Add in to this that frames on a PC generally are used in sync with the monitor refresh rate so ever single frame is on the screen for different periods of time in cases where your frame rate being supplied doesn't match some multiple of the screens refresh rate. As an example, 20FPS on a 60Hz screen will just 'feel' smoother than 24FPS on a 60Hz screen if your Vsync is on because in 20FPS each frame is displayed for 48ms (3 screen refreshes) where as in the 24FPS scenario where some frames will be on the screen different amounts of time. You don't notice this as much, but it makes it just seem off in some way. This is the main reason for 120Hz TV's, which can display 24p 30p and 60p data all in even number of screen cycles where a 60hz TV has a judder effect when displaying 24p content. Again, you don't really notice it as much, but it just feels/looks wrong when you are seeing it.

Edit: as a visual reference, try this: http://boallen.com/fps-compare.html


http://boallen.com/fps-compare.html= Which is why i love pc gaming :) 
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a b U Graphics card
January 7, 2013 6:18:57 PM

Murray B said:
Other sites indicate that a game must display at least 25 fps to be playable. For modern games that means a fairly expensive setup but this minimum seems too high.

For most of the twentieth century animations were projected at 24 fps but each cell was displayed twice for a rate of 12 different frames per second. Even a modest computer system today can run modern games at more than 12 unique fps and a overall display rate of 60 fps.

Why is the minimum for computers more than double that of films?


The hobbit was filmed at 48 fps. Audiences at the screenings complained that it was *too* real. I.e. the props and costumes weren't able to keep up with the clarity of the picture. For example Gandalf's staff looks like gnarled wood at 24 fps. At 48 fps, however, it looked like what it was...a plaster prop.

Also, the statemet that the human eye can only perceive 30 fps is a vast oversimplification at best, focusing on just one aspect of sight.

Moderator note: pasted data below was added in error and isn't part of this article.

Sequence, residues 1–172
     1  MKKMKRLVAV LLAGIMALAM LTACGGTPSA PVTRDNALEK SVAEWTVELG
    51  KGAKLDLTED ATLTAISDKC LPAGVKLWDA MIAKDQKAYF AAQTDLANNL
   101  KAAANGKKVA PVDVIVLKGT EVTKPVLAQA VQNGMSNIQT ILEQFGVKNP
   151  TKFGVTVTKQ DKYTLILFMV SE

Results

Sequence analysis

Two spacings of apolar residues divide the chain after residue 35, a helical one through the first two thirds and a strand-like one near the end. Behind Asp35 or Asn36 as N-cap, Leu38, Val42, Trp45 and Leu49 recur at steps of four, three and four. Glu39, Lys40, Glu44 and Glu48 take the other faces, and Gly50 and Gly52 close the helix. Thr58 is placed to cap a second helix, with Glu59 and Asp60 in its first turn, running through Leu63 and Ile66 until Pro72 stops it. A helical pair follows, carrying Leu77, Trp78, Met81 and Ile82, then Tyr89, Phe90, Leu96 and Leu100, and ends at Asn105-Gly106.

http://www.100fps.com/how_many_frames_can_humans_see.ht...
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a c 173 U Graphics card
January 7, 2013 6:28:41 PM

determinologyz said:
My thing is people say they cant see a difference between 30 and 60 fps..I can..30 frames its like very small jerks inbetween motion and 60 just looks smoother.

thats high frame latency giving you the jerkiness. fps may be 30, but some frames are taking longer to render than others, giving the impression of low/jerky framerate. you must have an amd card ;) 
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a b U Graphics card
January 7, 2013 6:36:59 PM

iam2thecrowe said:
thats high frame latency giving you the jerkiness. fps may be 30, but some frames are taking longer to render than others, giving the impression of low/jerky framerate. you must have an amd card ;) 



I have a gtx 660ti. But in general gaming 60 frames runs better then 60 and from what i heard ati has problems in that area
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a c 173 U Graphics card
January 7, 2013 7:01:59 PM

determinologyz said:
I have a gtx 660ti. But in general gaming 60 frames runs better then 60 and from what i heard ati has problems in that area

yeah, the problem isnt that bad, i was just stirring. but the 7950 does seem to have a more significant problem with latency than other cards.
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a b U Graphics card
January 7, 2013 7:06:21 PM

iam2thecrowe said:
yeah, the problem isnt that bad, i was just stirring. but the 7950 does seem to have a more significant problem with latency than other cards.

What about the 7970 7970 and would say the 8970 and the 8990 would they have the same problems ?
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January 7, 2013 7:19:37 PM

mactronix said:


...I have tried to keep this simple

Hope it helps.

Mactronix :) 

Thank you for responding, macrtronix, but it is not what I am looking for. I will try to explain in more detail why i am trying to understand the meaning of these specificatons.

Last year I found out that SWTOR could be downloaded and played for free. Having played most of these games since Dark Forces for DOS this made me so excited that I forgot to check the minimum requirements. The game ran sluggish at first but after setting Windows to optimize for performance and choosing 1024 X 600 resoulution my sistem managed 15 - 30 fps and averaging about 18. Since vision persists at only 12 fps I found the game was very playable and thought I was playing it just fine.

Towards the end of December I went on the forums to find out why the game stutters in certan areas and at certain times of day. The answer was server lag and there is nothing end users can do about it. At the same time I discovered my E-450 based machine is far below the minimum specification. Most "experts" seem to agree that my machine cannot run modern games at all.